Pictured Above: Greenworks ride-on zero-turn mower features an 82-volt battery system with a 13.8 kw lithium-ion battery; a 60-inch steel deck; and offers up to 4.5 hours of working time per charge.
Greenworks’ introduction of its 40-volt Elite “pro-sumer" line of battery-powered outdoor power equipment last October boosted the company’s product offerings, which already included an 82-volt commercial lineup. This complete lineup seems to have solidified the company’s reputation for partnership opportunities as five distributor announcements have been made since January 2018. The company now has six distributors for a nationwide presence.
“Our 82-volt commercial line is truly a replacement for gas engine models. We feel the dealer has been underserved in the rechargeable platforms and these products began to change the dealer opportunity for the entire industry. We were also able to launch our 40-volt Elite line. This is a prosumer product which hasn’t been available in the market before at this price point,” says Tony Marchese, who is the director of independent retail for Greenworks North America. Marchese had worked for many years at Husqvarna and most recently at Bush Hog.
Greenworks sells its Commercial and Elite Line of equipment exclusively through its dealer network.
Tony Marchese is the director of independent retail for Greenworks North America.
The 82-volt commercial lineup includes 20 tools and the 40-volt Elite lineup includes 18 tools. For each line, the battery is interchangeable for all of the tools, from a string trimmer to a snow blower.
The next, and necessary, development in Greenworks commercial line is zero-turn functionality and Marchese says ride-on and stand-on units are available now. Both units feature an 82-volt battery system with a 13.8 kw lithium-ion battery. The stand-on unit has a 48-inch steel deck, coil suspension platform and offers up to 6 hours of working time per charge. The ride-on zero turn has a 60-inch steel deck and offers up to 4.5 hours of working time per charge.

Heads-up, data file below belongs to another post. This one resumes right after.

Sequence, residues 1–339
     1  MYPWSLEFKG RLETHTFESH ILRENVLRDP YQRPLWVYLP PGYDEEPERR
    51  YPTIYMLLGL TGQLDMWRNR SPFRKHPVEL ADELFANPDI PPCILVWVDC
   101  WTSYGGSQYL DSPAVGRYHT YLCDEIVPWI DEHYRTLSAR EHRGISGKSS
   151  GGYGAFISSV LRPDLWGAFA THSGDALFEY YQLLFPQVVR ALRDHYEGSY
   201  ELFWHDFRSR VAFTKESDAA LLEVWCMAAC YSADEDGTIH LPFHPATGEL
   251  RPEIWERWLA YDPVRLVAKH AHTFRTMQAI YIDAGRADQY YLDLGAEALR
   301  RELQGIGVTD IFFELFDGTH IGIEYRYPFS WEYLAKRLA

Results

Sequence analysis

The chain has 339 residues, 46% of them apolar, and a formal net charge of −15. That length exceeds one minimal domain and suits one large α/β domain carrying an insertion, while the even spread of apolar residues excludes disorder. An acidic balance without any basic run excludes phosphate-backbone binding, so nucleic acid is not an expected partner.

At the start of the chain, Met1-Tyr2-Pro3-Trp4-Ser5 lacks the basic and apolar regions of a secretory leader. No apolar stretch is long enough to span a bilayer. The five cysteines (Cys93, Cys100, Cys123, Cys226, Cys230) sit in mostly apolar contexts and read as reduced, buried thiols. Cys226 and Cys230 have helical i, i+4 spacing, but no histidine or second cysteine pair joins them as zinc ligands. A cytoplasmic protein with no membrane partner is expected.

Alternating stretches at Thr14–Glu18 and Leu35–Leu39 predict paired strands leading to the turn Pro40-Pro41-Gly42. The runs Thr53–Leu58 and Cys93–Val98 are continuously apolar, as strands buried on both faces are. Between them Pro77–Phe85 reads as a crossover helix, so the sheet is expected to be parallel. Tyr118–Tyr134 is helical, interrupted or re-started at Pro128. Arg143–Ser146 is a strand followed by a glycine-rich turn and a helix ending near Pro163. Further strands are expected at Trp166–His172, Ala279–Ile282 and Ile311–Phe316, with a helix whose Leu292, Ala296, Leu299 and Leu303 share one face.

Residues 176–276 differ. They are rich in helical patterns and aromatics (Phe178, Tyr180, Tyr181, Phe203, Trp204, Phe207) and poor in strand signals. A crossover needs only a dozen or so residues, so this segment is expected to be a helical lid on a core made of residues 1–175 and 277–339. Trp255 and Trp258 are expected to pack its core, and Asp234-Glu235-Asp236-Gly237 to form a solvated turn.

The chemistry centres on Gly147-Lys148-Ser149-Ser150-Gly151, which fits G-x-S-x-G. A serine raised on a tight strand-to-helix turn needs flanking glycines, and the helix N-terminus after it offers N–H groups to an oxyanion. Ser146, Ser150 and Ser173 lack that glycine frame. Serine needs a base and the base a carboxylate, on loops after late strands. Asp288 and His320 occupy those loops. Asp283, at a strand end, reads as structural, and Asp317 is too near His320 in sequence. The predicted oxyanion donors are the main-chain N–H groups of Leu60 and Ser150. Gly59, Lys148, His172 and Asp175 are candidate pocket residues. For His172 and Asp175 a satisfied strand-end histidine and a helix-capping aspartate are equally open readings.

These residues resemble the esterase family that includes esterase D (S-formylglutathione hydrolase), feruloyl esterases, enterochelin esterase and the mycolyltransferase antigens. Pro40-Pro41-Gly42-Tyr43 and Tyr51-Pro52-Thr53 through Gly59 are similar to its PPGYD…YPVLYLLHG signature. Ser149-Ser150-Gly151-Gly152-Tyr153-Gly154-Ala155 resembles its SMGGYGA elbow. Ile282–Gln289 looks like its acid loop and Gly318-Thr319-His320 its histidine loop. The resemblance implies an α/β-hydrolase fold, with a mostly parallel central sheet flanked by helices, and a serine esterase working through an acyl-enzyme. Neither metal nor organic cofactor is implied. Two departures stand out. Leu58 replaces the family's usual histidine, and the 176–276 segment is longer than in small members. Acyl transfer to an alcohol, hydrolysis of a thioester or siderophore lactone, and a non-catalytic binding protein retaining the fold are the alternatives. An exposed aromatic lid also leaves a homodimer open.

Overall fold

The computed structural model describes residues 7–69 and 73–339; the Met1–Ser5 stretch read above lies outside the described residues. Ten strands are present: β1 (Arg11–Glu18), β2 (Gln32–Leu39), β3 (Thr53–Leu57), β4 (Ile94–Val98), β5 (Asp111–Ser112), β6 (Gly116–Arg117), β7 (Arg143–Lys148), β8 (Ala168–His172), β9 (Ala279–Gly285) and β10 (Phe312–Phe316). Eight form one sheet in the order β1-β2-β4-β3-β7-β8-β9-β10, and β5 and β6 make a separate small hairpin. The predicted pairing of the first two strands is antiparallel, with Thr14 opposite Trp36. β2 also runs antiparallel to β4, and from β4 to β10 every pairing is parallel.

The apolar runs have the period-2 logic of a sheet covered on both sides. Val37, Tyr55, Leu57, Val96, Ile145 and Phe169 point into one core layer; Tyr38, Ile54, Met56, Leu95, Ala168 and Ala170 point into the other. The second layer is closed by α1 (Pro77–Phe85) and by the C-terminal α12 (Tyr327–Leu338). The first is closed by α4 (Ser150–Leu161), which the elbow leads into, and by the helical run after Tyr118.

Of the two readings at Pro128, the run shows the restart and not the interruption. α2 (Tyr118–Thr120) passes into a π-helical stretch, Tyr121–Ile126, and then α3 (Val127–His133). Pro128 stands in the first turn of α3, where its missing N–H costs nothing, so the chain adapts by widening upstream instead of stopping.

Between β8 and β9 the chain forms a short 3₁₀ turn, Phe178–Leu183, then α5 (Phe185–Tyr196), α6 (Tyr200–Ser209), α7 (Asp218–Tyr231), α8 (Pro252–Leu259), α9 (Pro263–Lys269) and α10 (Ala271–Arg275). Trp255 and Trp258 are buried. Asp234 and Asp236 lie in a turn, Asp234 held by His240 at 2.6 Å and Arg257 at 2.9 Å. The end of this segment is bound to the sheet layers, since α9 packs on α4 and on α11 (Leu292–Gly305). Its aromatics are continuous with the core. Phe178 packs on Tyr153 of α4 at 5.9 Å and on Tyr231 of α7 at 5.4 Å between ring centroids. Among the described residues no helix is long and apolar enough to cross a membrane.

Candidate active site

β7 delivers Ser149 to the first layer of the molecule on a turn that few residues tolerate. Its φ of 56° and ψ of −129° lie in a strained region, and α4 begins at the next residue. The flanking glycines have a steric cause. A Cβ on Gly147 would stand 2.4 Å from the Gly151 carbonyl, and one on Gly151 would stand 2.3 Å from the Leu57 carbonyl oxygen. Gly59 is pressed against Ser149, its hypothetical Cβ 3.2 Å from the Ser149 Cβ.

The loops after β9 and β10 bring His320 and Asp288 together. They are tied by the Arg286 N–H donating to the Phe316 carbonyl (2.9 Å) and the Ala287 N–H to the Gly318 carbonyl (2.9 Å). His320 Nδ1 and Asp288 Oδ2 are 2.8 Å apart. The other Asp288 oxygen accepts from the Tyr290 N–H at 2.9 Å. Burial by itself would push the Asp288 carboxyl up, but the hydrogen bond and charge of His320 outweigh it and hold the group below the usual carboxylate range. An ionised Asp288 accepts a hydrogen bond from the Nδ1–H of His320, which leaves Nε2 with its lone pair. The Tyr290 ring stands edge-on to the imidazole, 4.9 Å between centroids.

The prototype models were introduced at the 2016 GIE+Expo. “We’ve taken the time since then to fully develop the units. Our units are unique and we are the only commercial zero-turn that is UL rated, which means we have a safe platform for the end user. They have been designed very similarly to automobiles. A CAN bus system monitors all the functions,” says Marchese. He says Greenworks developed its proprietary technology with the help of an engineer from the auto industry.
Greenworks the 40-volt Elite “pro-sumer” lineup includes 18 tools, including a chainsaw.
Greenworks’ lineup is more expensive at the outset than similar gasoline engine models — about $9,000-$10,000 higher for ride-on mowers and 1.5 times higher for hand- held equipment. However, Marchese says that dealers need to convince customers to think long term. For instance, after 3 years, the mower investment is equal to the gas engine model because of the fuel expense. After 5 years’ of charges, the lithium-ion battery can retain about 80% of its power.